I didn’t think of this embarrassing encounter again until the middle of summer when I was faced with the Great Flea Invasion of 2009. Upon finding them everywhere, I immediately Googled fleas and discovered two things. First of all, when you magnify a flea to 1,000 times its size, it looks just like the creature that bursts out of that guy’s stomach in Alien. Second, those suckers can procreate faster than a couple of born-again virgins on their wedding night. I knew it was time to call in a professional. And I knew just who I was gonna call.
It wasn’t hard to track down the exterminator as his number was painted on the side of his beat-to-shit pickup in what was clearly red house paint. At least I didn’t have to Google him too.
“This is your neighbor from down the street,” I told him as he answered the phone. “I live in the light green Victorian?” He said nothing but I could hear him breathing so I plowed ahead. “You remember,” I said, praying to God that he didn’t. “You asked me out?”
“I only asked you to lunch,” his whined at last. Crap, I thought, he remembered. Still wishing for subtitles, I pressed on; explaining my plight. “Well…so, about the fleas…”
“Sure,” he said. “I can come by tomorrow. I’ll even give you the neighbor discount.” I was almost afraid to ask what that meant.
The next day, the Exterminator drove the 200 yards from his house to mine in his bondoed blue pickup, a large opaque, plastic barrel fitted with a hose perched in the well, his liquid, lethal-tender, sloshing with abandon inside. He lumbered from the cab, pulling the hose into place and as he sprayed the perimeter of my house, with abandon and without a face mask, I wondered how many brain cells this guy could possibly have left. As he sprayed, he regaled me with a host of fun fumigation facts, and I could tell he was really trying to impress me when he began to explain the life-cycle of the flea, like he was the Stephen Hawking of the Exterminator set. But all I could think about was that old commercial where this Raid can comes slamming down on top of a cartoon ant while the voiceover says “KILLS. BUGS. DEAD.”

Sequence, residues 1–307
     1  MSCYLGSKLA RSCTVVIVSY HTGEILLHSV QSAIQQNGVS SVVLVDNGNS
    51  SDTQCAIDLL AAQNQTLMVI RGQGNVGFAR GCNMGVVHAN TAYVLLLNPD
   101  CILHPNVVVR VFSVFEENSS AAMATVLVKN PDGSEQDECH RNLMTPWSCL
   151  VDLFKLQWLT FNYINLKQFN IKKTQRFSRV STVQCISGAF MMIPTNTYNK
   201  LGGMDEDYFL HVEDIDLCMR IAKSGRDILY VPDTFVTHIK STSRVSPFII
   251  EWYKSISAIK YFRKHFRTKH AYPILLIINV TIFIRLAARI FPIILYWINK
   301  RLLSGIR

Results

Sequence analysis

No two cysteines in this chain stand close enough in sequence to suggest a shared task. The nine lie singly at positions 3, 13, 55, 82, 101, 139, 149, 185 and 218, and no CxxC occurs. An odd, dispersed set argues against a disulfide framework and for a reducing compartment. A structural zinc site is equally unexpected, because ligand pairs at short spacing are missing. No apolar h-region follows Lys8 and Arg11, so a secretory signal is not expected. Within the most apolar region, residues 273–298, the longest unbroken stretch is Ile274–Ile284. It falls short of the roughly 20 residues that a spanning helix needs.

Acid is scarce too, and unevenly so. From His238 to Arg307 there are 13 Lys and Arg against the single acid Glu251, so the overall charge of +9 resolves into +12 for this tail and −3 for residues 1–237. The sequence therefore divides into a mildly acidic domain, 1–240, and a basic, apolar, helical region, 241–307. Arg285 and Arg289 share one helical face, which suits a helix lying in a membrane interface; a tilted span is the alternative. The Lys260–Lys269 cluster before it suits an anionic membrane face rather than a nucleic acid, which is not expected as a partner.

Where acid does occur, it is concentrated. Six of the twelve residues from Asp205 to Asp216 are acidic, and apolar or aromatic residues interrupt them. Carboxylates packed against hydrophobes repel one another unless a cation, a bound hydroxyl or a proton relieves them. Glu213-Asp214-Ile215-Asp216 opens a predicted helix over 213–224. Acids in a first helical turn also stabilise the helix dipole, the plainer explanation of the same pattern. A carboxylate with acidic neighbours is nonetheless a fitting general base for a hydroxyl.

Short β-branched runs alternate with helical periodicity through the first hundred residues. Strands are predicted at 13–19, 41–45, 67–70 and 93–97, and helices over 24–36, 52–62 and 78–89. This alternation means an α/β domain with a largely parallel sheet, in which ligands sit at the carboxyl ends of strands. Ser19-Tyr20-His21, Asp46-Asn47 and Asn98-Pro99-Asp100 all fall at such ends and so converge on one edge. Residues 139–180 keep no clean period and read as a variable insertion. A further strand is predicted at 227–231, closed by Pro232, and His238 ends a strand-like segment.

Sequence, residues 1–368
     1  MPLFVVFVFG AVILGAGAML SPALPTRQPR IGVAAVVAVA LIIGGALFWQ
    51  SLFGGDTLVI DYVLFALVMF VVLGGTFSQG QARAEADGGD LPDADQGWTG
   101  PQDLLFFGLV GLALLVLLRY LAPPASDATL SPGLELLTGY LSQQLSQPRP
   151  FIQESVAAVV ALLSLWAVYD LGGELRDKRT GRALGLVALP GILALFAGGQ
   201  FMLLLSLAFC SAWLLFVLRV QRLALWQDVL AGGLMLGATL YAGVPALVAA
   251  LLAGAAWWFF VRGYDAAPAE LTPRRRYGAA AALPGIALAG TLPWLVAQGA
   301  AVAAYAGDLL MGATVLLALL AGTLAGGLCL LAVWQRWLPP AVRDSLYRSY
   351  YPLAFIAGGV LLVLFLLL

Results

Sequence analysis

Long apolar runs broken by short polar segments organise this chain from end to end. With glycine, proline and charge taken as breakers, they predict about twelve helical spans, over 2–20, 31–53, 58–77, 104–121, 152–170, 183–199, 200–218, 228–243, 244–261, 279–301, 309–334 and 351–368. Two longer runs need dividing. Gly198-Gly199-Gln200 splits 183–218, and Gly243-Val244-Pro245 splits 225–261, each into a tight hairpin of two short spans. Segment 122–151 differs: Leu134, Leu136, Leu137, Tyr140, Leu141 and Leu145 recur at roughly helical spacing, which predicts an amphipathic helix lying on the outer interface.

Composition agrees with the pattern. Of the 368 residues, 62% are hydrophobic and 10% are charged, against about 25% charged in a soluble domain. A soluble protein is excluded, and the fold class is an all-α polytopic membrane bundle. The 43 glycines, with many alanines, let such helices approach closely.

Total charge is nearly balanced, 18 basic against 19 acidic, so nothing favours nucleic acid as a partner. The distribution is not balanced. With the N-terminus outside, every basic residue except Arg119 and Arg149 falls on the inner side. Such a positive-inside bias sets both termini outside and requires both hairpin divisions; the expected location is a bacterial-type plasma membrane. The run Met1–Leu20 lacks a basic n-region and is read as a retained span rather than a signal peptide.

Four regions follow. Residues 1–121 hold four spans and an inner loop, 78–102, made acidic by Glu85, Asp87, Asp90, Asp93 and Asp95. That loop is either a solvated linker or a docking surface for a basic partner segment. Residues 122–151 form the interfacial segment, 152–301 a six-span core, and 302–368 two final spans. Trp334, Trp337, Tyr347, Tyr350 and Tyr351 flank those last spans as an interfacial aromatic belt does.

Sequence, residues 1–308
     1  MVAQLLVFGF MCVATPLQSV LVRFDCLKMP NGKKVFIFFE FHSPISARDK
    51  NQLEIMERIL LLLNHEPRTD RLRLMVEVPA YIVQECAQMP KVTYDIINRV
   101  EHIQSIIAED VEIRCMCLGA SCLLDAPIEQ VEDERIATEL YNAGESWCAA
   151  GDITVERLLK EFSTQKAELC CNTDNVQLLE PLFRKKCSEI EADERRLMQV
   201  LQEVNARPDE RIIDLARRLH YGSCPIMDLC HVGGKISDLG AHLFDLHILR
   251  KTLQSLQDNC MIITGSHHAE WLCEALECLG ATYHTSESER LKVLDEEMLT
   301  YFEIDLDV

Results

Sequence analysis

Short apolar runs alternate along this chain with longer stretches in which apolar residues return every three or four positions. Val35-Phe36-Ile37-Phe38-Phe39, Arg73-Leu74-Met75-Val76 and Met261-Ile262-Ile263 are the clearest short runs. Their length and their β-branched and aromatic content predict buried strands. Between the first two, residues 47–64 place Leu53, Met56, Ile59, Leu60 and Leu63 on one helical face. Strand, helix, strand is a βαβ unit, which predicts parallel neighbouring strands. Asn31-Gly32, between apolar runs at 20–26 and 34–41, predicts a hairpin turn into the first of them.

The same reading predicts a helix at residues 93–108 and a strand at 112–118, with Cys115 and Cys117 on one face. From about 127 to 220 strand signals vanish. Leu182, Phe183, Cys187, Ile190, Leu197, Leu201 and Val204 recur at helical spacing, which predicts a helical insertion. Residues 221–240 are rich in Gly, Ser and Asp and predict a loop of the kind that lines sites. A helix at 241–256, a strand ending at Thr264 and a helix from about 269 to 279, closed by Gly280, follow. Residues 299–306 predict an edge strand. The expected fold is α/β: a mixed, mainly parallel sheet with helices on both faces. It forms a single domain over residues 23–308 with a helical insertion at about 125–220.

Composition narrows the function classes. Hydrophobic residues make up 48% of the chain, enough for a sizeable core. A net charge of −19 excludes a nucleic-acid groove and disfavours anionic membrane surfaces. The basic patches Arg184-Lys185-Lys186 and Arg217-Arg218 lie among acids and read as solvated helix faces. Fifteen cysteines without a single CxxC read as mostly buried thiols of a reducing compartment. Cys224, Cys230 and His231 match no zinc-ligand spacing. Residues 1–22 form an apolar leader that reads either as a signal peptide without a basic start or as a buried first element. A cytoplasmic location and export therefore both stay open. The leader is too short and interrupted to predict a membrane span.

The fleas met their maker and before long the exterminator was, once again, just a distant memory. I noticed he had taken up with a woman who, interestingly enough, had about as many teeth as he did and I thought how true it is that there’s a lid for every pot. And then, one cold, windy November night, I was driving home when I rounded my street corner and almost ran head-on into a slew of fire trucks, police cars and ambulances. As I pulled up to my house I could hear raised voices coming from the direction of the exterminator’s and there he was, holding a shotgun, a dead man at his feet, screaming at the police, at the top of his lungs and gesticulating wildly.
My neighbors came running towards me, frantically shouting that the exterminator had shot some guy in self-defense, a point that would later be proven in court. Everyone was freaked out and shaken to their core and we stood in the chilly evening breeze trying to make sense of it all and clinging to one another for warmth and reassurance. And in that moment, three thoughts ran abreast through my horror-stricken mind. First of all, someone had been shot to death just three doors from my own. Second, not only did I know the guy who pulled the trigger but he had asked me out! And last, but certainly not least, I thought, Damn! I miss all the good ones!